Useful Scots word: bidie-in

By Betty Kirkpatrick

Holding handsI was reading an article about the rights of cohabitees the other day and could not help thinking what a clumsy, clinical and unattractive word cohabitee is. Not so the Scots word bidie-in which means much the same as cohabitee.

What is a cohabitee or a bidie-in? They both refer to someone who is living with someone in a sexual relationship but who is not married to that person.

Bidie-in comes from the north-east of Scotland and was more or less restricted to that area for a long time, but things changed in the late 1970s and early 1980s. Bidie-in unexpectedly gained a degree of prominence not only in Scotland, but also in the rest of Britain.

At that time more and more people were choosing to live together, rather than get married. Some language experts became obsessed with finding a word to describe the person with whom someone was living in an unmarried state.

Lover was considered to be too racy and partner was originally set aside because of its associations with business. Some strange alternatives were put forward. One of these was significant other which went on to mean a person of importance or influence in someone’s life. The strangest was POSSLQ, short for persons of the opposite sex sharing living quarters. I kid you not, this was seriously considered. Fortunately it did not last.

Bidie-in popped up in the media coverage as a possible contender. It failed to win universal support, perhaps because it sounds too homely and cosy for sophisticated society. The word comes from the verb bide meaning either to stay somewhere temporarily or to live permanently in a place, to reside. It is closely related to the word abide, both having their roots in Old English

What happened to bidie-in? After its brief spell of fame it returned to relative obscurity. More Scots from a wider area used it than before, but it faded from the UK scene. It, like the other suggested words, lost out to partner. Apparently its business connections did not matter after all. No surprise there, then.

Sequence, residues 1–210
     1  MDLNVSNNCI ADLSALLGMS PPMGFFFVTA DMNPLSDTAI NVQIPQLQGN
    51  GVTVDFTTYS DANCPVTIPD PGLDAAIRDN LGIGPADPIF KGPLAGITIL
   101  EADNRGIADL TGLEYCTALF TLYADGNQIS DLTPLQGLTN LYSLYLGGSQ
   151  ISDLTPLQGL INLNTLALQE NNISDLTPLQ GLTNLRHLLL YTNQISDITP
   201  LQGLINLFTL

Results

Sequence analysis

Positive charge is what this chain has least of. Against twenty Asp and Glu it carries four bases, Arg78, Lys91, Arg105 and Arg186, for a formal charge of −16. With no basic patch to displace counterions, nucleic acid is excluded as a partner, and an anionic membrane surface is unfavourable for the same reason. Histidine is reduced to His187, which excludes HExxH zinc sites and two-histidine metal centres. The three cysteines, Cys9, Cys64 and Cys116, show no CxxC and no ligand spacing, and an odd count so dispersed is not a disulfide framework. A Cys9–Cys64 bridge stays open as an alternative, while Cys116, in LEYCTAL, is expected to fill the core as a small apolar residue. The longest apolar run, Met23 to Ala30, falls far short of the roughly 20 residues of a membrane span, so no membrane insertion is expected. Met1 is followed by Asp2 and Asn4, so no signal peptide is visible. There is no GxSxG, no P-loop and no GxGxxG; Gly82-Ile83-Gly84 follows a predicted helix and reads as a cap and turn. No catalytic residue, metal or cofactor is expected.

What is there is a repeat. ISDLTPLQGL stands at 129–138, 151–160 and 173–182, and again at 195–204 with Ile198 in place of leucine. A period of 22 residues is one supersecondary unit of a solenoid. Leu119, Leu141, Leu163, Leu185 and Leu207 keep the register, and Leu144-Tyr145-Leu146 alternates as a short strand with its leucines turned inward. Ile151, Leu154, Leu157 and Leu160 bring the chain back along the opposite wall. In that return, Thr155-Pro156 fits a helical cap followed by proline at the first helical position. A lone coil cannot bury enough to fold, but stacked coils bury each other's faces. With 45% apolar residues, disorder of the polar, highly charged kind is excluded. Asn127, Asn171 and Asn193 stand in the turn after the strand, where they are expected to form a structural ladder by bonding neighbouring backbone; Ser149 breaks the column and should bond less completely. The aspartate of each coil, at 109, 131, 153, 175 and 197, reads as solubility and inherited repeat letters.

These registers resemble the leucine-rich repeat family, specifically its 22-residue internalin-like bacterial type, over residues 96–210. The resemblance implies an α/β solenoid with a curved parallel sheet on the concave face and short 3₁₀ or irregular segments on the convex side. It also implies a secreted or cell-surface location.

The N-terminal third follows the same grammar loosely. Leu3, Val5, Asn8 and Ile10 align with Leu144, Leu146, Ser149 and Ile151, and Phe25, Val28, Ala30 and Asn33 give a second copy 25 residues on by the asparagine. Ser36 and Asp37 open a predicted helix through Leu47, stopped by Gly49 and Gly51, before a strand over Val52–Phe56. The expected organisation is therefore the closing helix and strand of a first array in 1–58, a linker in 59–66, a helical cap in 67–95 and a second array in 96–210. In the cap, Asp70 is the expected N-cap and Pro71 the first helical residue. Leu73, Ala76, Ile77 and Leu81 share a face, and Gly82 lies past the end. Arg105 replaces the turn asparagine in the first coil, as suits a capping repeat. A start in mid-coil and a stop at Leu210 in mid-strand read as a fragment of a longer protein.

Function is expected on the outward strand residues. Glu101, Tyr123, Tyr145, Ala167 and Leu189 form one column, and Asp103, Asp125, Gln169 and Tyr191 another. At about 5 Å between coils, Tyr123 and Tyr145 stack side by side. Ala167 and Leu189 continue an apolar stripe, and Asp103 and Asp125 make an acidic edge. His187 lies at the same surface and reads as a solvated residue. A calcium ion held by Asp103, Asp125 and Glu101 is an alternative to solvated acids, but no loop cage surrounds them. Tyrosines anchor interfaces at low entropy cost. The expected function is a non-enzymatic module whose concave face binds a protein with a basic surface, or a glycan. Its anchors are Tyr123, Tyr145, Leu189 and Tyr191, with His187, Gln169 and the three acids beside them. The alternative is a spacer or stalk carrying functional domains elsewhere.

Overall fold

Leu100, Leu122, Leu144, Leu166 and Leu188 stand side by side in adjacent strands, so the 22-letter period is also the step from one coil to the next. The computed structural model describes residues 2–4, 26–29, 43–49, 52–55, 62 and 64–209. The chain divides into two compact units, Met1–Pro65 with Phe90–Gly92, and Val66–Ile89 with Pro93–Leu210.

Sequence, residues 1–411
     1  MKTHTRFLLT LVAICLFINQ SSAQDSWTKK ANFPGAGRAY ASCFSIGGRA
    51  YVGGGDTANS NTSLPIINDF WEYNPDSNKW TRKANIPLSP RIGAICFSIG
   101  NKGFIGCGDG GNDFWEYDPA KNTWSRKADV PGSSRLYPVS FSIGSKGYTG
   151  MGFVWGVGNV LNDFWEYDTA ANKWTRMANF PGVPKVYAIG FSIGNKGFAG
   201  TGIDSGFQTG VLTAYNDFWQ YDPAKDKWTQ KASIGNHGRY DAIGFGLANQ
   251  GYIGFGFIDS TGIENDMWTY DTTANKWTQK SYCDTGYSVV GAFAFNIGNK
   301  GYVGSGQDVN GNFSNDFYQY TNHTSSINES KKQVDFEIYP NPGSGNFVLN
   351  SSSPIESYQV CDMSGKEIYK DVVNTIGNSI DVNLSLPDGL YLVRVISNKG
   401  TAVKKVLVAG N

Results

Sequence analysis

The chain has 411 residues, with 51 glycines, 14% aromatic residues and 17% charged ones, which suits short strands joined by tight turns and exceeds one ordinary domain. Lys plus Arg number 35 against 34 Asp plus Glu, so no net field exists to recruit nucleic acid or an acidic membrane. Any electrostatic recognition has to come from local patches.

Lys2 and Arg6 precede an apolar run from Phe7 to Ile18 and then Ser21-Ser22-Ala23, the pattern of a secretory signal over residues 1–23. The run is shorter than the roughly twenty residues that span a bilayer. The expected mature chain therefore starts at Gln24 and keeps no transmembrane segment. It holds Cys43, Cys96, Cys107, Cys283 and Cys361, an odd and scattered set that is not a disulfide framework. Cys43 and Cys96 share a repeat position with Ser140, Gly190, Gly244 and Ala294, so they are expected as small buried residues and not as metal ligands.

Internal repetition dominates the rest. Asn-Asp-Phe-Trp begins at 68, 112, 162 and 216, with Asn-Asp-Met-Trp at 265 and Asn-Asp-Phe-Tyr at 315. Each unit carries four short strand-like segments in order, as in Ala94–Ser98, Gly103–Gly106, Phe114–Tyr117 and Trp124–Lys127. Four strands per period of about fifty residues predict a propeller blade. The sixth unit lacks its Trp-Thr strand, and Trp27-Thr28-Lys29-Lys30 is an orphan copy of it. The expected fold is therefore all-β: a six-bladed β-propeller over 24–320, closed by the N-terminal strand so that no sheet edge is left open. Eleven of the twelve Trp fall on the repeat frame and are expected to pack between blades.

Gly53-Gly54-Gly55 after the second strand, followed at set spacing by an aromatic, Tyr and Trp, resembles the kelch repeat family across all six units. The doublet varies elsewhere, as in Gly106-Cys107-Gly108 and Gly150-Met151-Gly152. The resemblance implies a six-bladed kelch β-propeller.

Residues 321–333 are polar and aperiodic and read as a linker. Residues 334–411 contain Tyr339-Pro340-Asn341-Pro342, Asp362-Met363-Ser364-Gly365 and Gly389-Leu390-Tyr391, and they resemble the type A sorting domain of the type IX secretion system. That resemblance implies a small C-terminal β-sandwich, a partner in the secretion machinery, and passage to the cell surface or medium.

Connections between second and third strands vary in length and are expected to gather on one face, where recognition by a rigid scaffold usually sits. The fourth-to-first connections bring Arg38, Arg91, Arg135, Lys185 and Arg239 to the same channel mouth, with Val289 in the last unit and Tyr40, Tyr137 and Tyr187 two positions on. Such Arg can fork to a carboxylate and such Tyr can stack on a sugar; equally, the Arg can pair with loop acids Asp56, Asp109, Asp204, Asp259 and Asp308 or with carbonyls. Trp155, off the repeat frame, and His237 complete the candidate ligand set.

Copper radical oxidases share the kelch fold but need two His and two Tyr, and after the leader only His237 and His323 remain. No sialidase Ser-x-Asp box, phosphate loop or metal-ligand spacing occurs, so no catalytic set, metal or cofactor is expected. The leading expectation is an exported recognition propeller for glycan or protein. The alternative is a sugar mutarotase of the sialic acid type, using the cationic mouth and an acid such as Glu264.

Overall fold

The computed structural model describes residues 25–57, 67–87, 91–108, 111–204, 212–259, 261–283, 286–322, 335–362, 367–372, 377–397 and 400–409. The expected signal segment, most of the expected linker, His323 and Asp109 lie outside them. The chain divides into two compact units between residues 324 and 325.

Betty Kirkpatrick is the former editor of several classic reference books, including Chambers Twentieth Dictionary and Roget’s Thesaurus. She is also the author of several smaller language reference books, including The Usual Suspects and Other Clichés published by Bloomsbury, and a series of Scots titles, including Scottish Words and Phrases, Scottish Quotations, and Great Scots, published by Crombie Jardine.

  • Possil Q would be about right.

    Q Whit dae ye call a Possil wumman wi’ a white Shell suit?

    A The bride.

  • Wee Willie Bee

    Very funny Donald. Bidie-in conveys the situation perfectly, and leaves “partner” for those of same sex living together.

  • I’ve heard “co-vivant” used too. It sounds joyfull, friendly and positive and perhaps a little more acceptable in mainland Europe, although I first came across this in Canada. It is also, like Bidie-in, open to any couple living together regardless of gender.

    • Flojo

      Deirdre, well done on thinking “co-viant” “sounds joyful”?

  • Anither Rab

    A can mind whan the offeicial (English) title in Scotland for a bidie-in wis “Common-law wife” or “Common-law husband” particlar whan there wis bairns. A aye wunner whit wey oor maisters stopped yaisin it. The common law hisnae chynged.

    • Wee Willie Bee

      Hi, Another Rab
      Afraid the law on marriage by habit and repute was changed, first in 1939 when two form of marriage were abolished. Secondly it was again changed in 2006 as the following extract from Wikipedia explains.

      “In 2006 “marriage by cohabitation with habit and repute” was also abolished in the Family Law (Scotland) Act 2006. Until that act had come into force, Scotland remained the only European jurisdiction never to have totally abolished the old-style common-law marriage. For this law to apply, the minimum time the couple have lived together continuously had to exceed 20 days.”